Shores of Amerikay is a selection of traditional songs that have been reshaped by Michael J Tinker’s own tunes and creations. There is a lot to enjoy - a soulful voice (at times), simple guitar riffs, and the use of a washboard, which inevitably brightens almost any day - but there were times when the sound was slightly lacking in sincerity.
This lack of sincerity is probably a lot to do with taste. With a title such as The Shores of Amerikay one should have been expecting a pseudo-American sound. The set-up of the accompaniment and instrumentation used on some tracks is wholly reminiscent of Bo Diddley - this works well on Get Along Home Cindy. This is a really enjoyable track, but for a traditional English folk fan the rhythm and bluesy sound isn’t necessarily to taste.
In his rendition of Bonny Boy - also known as The Trees They do Grow High - Tinker has written his own melody. His tune is beautiful, but I have been in love with Joan Baez’s version of this classic for several years, and despite his new delicate composition his vocals don’t stir the deep emotions she evokes.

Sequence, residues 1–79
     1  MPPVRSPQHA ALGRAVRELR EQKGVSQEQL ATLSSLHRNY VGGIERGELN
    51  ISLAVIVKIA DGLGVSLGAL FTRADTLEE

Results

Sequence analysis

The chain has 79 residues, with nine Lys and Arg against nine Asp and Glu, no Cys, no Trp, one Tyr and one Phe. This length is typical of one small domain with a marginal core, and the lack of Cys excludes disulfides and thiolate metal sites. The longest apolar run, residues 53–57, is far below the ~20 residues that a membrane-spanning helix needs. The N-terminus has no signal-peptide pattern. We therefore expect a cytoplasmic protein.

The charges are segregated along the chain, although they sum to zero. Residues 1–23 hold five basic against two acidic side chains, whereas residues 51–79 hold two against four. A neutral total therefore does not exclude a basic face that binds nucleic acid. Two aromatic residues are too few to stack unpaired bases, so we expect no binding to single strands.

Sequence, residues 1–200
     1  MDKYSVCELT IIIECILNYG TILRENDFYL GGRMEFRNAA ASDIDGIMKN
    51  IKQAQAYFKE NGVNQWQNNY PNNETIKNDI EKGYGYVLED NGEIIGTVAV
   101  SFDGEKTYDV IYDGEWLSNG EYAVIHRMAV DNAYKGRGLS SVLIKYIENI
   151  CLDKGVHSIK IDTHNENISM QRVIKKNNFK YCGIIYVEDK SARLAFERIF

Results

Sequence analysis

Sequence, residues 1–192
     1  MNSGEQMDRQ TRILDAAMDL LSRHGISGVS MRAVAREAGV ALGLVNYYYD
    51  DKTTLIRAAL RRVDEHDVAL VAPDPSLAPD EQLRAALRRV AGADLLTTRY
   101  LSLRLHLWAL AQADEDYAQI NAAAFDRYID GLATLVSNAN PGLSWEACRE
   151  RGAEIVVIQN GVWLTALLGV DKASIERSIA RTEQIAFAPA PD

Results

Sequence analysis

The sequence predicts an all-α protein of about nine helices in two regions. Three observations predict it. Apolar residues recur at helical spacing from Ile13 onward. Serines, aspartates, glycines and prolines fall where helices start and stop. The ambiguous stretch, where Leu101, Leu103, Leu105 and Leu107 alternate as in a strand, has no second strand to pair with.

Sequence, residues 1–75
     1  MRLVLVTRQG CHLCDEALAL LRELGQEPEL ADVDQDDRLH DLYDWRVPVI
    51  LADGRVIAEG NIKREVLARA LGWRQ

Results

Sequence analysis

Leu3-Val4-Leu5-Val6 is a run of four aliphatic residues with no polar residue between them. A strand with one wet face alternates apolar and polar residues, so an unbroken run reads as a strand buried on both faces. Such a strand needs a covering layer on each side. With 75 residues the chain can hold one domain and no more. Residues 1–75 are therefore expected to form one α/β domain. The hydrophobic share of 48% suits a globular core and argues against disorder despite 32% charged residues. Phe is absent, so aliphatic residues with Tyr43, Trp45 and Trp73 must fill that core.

Other traditional tunes on the record include The Snowstorm: it’s always cheery to listen to songs about the death of a mother and son. House Carpenter is the best of the traditional tracks on the album by being one of the great folk failed love stories. Annabel Lee, though not a traditional folk song, is a brilliant poem by the stalwart of gothic fiction, Edgar Allen Poe. Tinker’s Annabel Lee is a spectacularly enjoyable track; it’s slow and tranquil yet the additional vocals elevate the poem from the darkness with which it is usually associated.
The subject matter in Tinker’s own creations are fairly sentimental. Hold You Light is about letting go of your children and features a spectacularly beautiful arco bass solo. Breathe is another creation, featuring delicate piano and whispering vocals, which put me on edge a bit as the extended notes didn’t quite work.
Belfast is also self-penned, and witnesses a return to the bluesy feel showcased earlier in the album. It is simple and jazzy and pretty good, while Hammer could be a story straight out of a Johnny Cash album.
The most politicised song on this album is First Do No Harm. On first listen, the message isn’t glaringly obvious, but with further research it becomes clear it is about abortion. This is a pretty heavy message for a folk album, but it’s one Tinker felt necessary to get out there. It’s definitely the album’s low point - despite the elegant guitar part.
The content of the majority of the songs is pretty black, the exceptions being Get Along Home Cindy and Belfast. The characters in the rest of the tracks end up dead and, if they’re lucky, just heartbroken. There are very beautiful moments, but sometimes the message is a bit grim, and at times the vocals seem a little strained.